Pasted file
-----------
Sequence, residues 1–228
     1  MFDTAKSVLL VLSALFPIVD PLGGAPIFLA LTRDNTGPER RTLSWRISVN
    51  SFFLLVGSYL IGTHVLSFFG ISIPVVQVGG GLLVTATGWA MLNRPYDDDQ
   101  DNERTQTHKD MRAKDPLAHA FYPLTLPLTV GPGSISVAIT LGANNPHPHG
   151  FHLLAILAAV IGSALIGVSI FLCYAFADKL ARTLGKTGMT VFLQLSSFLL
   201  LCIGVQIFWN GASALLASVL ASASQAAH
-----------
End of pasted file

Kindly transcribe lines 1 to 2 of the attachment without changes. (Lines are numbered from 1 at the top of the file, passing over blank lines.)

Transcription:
Sequence, residues 1–228
     1  MFDTAKSVLL VLSALFPIVD PLGGAPIFLA LTRDNTGPER RTLSWRISVN